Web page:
2015 Beckman Scholar – Gabrielle Lessen

Female student with long blond hair wearing a green jacket with black trim.
2015 Beckman Scholar Gabrielle Lessen ’18

Biochemistry major Gabrielle Lessen ’18 from Alexandria, Louisiana, has been chosen as one of three new Beckman Scholars from Texas A&M University. Lessen impressed the faculty, staff, and student application reviewers and interview panel with her obvious intelligence, drive, passion for knowledge and research, and her excellent communication skills. These attributes were a perfect fit for Lessen’s description of herself in her application as “hard-working” and “friendly”. Lessen has spent her first year in Aggieland as a member of the University Honors program and the Honors Housing Community. Her interest in research led her to join the DeBakey Undergraduate Research Program as a first semester freshman, working with a team that models the flow of fluid through the kidneys.

Lessen also got an early start on leadership development as a participant in the MSC Champe-Fitzhugh International Honors Leadership Seminar the summer before matriculating at TAMU and continued her development as a member of the MSC Freshmen Leadership Organization “Freshmen in Service and Hosting” or FISH. Lessen has a long history of community service and told our interview panel that if she can choose a route that will help more people, she would choose it “in an instant”. Her interest in cancer research nicely combines her talent for science and research with her desire to help a large number of people. Lessen has maintained a perfect 4.0 GPR while acting as a National Aggie Scholar Ambassador and as a member of the Biochemistry and Genetics Society, as well as being active in her church.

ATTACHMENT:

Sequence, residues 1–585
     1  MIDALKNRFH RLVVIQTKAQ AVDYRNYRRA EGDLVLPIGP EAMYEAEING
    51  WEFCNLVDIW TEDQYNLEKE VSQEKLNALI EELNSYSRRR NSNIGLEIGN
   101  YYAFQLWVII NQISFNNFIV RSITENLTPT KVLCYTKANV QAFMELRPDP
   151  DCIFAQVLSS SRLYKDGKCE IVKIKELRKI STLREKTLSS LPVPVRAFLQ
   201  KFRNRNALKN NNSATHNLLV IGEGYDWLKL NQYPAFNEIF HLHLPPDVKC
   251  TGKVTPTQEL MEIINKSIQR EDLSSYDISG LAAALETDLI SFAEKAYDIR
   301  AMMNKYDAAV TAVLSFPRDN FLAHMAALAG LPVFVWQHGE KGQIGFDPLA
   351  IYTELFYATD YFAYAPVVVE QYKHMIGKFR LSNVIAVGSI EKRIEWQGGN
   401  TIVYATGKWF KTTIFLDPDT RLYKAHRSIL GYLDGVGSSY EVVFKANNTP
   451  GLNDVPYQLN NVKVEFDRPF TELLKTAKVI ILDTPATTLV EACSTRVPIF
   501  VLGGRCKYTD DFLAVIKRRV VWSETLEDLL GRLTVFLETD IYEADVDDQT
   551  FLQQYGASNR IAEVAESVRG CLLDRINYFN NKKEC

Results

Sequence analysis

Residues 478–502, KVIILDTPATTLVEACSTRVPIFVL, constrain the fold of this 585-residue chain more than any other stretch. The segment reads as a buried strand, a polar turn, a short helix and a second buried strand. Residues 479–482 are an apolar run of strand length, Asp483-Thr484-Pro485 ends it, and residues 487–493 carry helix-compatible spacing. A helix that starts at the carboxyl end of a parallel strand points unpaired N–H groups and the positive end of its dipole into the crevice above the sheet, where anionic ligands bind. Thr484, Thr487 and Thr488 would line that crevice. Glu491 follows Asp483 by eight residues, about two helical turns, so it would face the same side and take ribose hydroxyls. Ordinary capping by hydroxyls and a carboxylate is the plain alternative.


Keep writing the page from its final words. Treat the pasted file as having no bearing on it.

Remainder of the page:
In June Lessen will start her journey as a Beckman Scholar with a research project in the laboratory of Dr. Dorothy Shippen studying plant telomeres, the specific structures at the ends of chromosomes that keep them from unraveling. Telomeres have been implicated in aging and cancer as well as in diseases linked to chromosome instability, making telomere studies an excellent match for Lessen’s interests.


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